Some people are afraid to buy discount tools, thinking they are cheap, will not last, and will break at the worst time. I’m sure other people had that experience. Buy a discount tool socket set that looks nice in the case, but the socket shattered the first time you use it. That was a cheap tool. But there are other options, and some of them may surprise you.

I use a lot of tools to do a variety of jobs. I’ve fixed or replaced just about every part on a car, and restored a number of cars. I own a lot of quality tools, and at times, it does not pay to skimp on tools that really matter. I used to custom paint cars and would not give up my Binks spray guns for anything. I’ve used other brands for primer guns, but they were also top quality like Devilbiss. On the other hand, I did buy a cheap $15 touch up, or jam gun that was as good as my Binks Model 115 touch up gun. Then there is always painting under the car, like the frame where a cheaper spray gun would be fine. But to paint a custom car, would you spray a hood with nothing less than a top quality spray gun?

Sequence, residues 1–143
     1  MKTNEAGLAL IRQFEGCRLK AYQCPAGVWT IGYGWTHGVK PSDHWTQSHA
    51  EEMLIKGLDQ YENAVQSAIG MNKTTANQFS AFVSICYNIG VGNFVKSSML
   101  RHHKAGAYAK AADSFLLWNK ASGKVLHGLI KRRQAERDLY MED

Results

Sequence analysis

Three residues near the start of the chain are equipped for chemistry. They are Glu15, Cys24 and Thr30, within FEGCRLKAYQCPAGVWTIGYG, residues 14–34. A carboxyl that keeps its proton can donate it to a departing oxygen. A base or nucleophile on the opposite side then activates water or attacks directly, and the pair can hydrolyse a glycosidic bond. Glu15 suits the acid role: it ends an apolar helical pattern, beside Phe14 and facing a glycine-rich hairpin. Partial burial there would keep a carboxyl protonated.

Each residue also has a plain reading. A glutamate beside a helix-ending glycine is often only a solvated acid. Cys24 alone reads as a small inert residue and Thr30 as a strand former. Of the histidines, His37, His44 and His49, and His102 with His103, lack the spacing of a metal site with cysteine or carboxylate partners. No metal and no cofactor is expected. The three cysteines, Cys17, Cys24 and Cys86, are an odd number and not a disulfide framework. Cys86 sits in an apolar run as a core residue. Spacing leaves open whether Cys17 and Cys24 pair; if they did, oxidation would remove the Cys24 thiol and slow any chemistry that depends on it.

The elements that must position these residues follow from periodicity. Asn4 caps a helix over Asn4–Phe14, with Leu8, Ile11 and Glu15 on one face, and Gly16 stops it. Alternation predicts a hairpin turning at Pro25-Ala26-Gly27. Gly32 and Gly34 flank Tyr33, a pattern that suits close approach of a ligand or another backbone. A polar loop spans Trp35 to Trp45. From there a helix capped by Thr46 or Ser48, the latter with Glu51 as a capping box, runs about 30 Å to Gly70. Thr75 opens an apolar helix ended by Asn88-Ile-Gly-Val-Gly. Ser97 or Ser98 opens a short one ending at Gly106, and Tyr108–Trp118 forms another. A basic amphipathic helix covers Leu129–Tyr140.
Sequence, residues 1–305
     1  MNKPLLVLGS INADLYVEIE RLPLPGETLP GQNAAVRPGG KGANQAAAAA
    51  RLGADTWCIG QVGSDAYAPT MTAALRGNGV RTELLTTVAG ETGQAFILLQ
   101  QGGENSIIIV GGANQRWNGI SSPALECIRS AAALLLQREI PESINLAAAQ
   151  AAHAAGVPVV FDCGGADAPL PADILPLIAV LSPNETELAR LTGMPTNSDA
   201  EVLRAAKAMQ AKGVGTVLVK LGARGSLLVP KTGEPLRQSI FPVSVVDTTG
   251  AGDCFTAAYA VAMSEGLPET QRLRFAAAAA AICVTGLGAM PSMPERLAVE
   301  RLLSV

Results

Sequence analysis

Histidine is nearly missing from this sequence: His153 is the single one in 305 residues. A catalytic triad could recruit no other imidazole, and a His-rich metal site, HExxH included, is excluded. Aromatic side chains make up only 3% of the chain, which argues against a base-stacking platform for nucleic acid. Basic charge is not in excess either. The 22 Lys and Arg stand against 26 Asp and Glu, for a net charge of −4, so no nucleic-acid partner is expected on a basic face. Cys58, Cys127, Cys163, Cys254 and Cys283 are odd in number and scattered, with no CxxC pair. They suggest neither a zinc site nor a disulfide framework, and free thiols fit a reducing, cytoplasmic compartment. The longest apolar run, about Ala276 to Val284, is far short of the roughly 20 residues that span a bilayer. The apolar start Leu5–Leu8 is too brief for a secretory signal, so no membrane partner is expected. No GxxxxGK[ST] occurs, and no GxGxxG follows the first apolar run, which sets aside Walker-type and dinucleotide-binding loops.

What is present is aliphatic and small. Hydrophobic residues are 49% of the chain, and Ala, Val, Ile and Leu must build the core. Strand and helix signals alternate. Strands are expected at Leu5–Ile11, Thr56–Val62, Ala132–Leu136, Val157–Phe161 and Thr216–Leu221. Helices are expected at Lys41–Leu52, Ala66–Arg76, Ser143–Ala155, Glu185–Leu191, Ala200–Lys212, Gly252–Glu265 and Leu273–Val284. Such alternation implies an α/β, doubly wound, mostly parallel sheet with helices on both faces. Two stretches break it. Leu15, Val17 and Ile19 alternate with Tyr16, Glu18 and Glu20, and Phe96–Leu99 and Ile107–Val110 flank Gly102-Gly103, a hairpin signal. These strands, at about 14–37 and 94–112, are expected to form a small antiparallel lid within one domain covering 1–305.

Then there are hand tools like sockets, wrenches, and other associated tools. I’ve been rather lucky with some off brands. One of my favorite places to shop is Harbor Freight. More on them later.

My first set of hand tools was a Craftsman set from Sears. They were good quality tools. I’ve owned them over 30 years. My dad owned Craftsmen tools. My brothers bought Craftsman tools from Sears. They are all still reliable. All together, we have not had to return more than a half dozen tools on their life time warranty. That is pretty good.

Although the Craftsman tool set I purchased 30 years ago is a fairly complete set of hand tools, it doesn’t include everything you need when you work on cars like I do. For one thing, it came with no impact sockets. For those I tried out a set of impact sockets form Harbor Freight. I’ve had them for about 20 years, and they are still going. I never had a problem with any of them, and at that low price, I consider it one of the best investments I’ve made.